The intelligence collected by the organizations was based mainly on reports supplied by informants. The organizations were aware that some of the latter were out to settle personal accounts by means of bad-mouthing, but even so the intelligence services did not balk at using them. An especially close watch was kept on people who expressed nonconformist political views, such as Brit Shalom, an Arab-Jewish movement that promoted a binational state. In cases that were perceived as treasonous, the underground groups held a drumhead court martial and took action against purported traitors. In a few dozen cases, individuals who were considered to be traitors were actually executed. But with thousands of others the groups simply collected information.

An uneasy feeling crops up as one looks through the files of the intelligence services from the period of the underground organizations. Many people were kept under surveillance even though they had not committed any offense – they were simply considered “dubious.” But no less frightening is the thought that information of a similar character continued to be gathered even after Israel’s establishment – and it’s very possible that the practice is continuing to this very day. The ranking figures in Shai, among them Isser Be’eri and Isser Harel, afterward headed Military Intelligence of the Israel Defense Forces and the Shin Bet security service, respectively. The Shai documents continued to serve the new organizations, and were likely expanded.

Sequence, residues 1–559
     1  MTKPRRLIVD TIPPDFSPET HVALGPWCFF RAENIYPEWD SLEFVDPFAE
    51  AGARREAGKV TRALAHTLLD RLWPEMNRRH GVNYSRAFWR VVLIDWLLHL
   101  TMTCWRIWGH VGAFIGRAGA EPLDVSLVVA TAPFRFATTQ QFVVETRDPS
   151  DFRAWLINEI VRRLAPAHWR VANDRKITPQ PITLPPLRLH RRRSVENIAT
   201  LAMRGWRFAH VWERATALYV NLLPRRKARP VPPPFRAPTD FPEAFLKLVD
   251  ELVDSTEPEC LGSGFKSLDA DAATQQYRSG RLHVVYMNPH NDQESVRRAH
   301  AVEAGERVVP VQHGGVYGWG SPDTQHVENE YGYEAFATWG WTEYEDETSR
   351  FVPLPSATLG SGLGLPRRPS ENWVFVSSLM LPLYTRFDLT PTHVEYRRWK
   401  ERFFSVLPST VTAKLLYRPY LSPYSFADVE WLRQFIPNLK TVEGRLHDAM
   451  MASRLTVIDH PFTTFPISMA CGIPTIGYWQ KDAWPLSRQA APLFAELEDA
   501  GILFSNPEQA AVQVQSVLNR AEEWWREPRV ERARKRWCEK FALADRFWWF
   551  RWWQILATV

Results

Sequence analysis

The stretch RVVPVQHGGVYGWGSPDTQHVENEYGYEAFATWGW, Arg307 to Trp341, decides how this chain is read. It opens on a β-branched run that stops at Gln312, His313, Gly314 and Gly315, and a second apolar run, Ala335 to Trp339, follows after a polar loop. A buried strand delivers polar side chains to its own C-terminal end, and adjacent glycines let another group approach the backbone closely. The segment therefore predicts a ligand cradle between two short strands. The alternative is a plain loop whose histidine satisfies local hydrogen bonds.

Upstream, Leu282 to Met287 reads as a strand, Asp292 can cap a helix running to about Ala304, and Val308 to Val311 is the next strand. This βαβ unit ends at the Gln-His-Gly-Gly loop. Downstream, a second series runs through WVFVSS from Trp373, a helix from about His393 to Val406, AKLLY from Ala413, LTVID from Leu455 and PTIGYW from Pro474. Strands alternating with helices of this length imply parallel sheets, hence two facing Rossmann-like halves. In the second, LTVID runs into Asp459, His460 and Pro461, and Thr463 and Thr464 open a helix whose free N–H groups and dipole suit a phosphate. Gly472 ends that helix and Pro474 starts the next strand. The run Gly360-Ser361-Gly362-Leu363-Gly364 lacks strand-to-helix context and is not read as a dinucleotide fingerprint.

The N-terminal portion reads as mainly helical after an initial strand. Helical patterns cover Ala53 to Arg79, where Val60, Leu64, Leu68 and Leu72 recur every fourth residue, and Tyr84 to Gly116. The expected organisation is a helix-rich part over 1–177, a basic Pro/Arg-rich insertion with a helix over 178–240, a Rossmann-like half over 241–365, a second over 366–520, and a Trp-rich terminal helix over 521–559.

An article by Yossi Melman published in this newspaper last Friday made public classified documents that show how the Shin Bet spied until the 1980s on the “Canaanites” – a group of writers and poets who espoused a cultural vision that negated Israel’s ties with Diaspora Jewry. Based on research by Dr. Shai Feraro, the article showed that in the period following independence, the Haganah’s surveillance morphed into Shin Bet tracking, carried out by informers and collaborators. Inevitably, this raises the question of which groups of authors, artists or other citizens the Shin Bet has under surveillance today.